RA Board Stands in Opposition to St. John Woods’ Redevelopment Plan

St. John's Wood/BozzutoReston Association’s Board of Directors has joined in support of North Reston residents in opposing a massive redevelopment of St. Johns Wood apartments.

Developer Bozzuto is proposing to nearly double the size of the garden apartments, from 250 units to 467 units and 46 townhouses. Residents have spoken out at several meetings that the plan is out of scale for Reston Parkway and Center Harbor Road, which is more than a mile from the future Reston Town Center Metro station.

Residents — more than 500 of whom have signed a petition — also have concerns about traffic impact, effect on the tree canopy and forcing lower-income residents to move.

Here is the motion the RA Board unanimously passed at a special meeting on Wednesday:

The board moved to oppose the current St John’s Wood Redevelopment Application for the following reasons related to its consistency with the adopted County Comprehensive Plan with specific focus on:

1. Environmental impacts including but not limited to such impacts on RA common area and natural areas.
2. Transportation impacts and parking/overflow.
3. Density and intensity of redevelopment proposal.
4. Mitigation of impacts to RA community amenities/facilities.
5. Impacts to county schools.

The application has not met the express conditions required in the adopted Comprehensive Plan to justify the medium density, multi-family residential use option.

RA says it will send a letter delineating the association’s position, including the written comments received during the special board meeting, on the current application to the Reston Planning & Zoning Committee, the Fairfax County Planning Commissioner Hunter Mill representative, and the Hunter Mill Supervisor Cathy Hudgins.

The board also encouraged citizens — some of whom have been visibly angry at recent meetings on St. Johns Woods — to do the same. In the end, RA can take a stand on its opposition, but does not have much power in stopping development, RA’s land use attorney John McBride reminded them on Wednesday.

The approval of a development application ultimately comes from the Fairfax County Planning Commission and the Fairfax County Board of Supervisors. McBride spent more than an hour at Wednesday’s meeting explaining the process to the room packed with residents.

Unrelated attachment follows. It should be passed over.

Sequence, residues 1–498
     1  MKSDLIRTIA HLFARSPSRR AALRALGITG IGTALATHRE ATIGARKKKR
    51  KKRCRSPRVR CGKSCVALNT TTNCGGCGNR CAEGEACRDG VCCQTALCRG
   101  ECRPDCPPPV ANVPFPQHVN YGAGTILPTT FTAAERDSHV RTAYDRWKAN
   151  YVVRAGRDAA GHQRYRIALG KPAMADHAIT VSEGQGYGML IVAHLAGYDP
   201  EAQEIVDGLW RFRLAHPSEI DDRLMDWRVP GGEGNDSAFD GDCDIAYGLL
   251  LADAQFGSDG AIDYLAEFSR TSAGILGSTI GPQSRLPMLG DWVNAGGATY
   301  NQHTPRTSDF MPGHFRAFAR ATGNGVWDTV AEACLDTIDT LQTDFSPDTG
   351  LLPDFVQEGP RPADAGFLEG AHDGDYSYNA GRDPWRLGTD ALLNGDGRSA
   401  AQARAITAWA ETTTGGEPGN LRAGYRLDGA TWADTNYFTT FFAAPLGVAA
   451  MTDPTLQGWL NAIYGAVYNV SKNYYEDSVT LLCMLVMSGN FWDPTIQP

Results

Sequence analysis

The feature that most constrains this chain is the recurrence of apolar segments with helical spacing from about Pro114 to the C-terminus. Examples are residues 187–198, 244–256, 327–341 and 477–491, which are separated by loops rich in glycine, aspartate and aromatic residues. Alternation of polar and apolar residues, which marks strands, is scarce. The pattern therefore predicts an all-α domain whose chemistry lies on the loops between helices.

He also pointed out that according to the Reston Comprehensive Plan, which was modified in 2014 and 2015, Bozzuto is within its rights to propose the redevelopment plan. The plan actually downgraded the parcel from high density to medium density, and Bozzuto has amended the proposal accordingly. The redevelopment plans began in 2014 with 659 units.

Even with that explanation, residents were still fired up on Wednesday.

One attendee heckled McBride, yelling “You take me for a fool when you lecture me like this! I don’t need a line-by-line explanation. I need to discuss the plans that are affecting my life. All you want to do is let developers run roughshod over Reston!”

Another resident said he was tired of hearing RA say it has not impact on development decisions.

“RA has indicated it has no power to stop this,” said resident Stephen Canner. “The RA Board has to think and act more creatively. You have the power of the bully pulpit. Issue a statement to the public, the supervisors that proposed development DOES NOT provide benefits to its inhabitants. It is not in compliance with basic tenets of Reston’s governing deed. It is time to step up to the plate. Do the right thing:  tell the authorities that this community does not want to development.”

The Fairfax County Planning staff report on the application will be available on Oct. 11. The application is set to go to the Reston Planning & Zoning Committee on Oct. 17 before being presented to the Fairfax County Board of Supervisors on Oct. 26.

Canner also expressed anger at the lack of notice residents’ received concerning previous RA meetings on this topic, including a July meeting of the Design Review Board. He said residents only knew about it six days in advance.

That led RA to pass another resolution Wednesday. Residents will now have 21 days advance notice of on new development and redevelopment information sessions, as well as applications including conceptual plan applications.

Graphics: Rendering of new St. Johns Wood/Credit: Bozzuto

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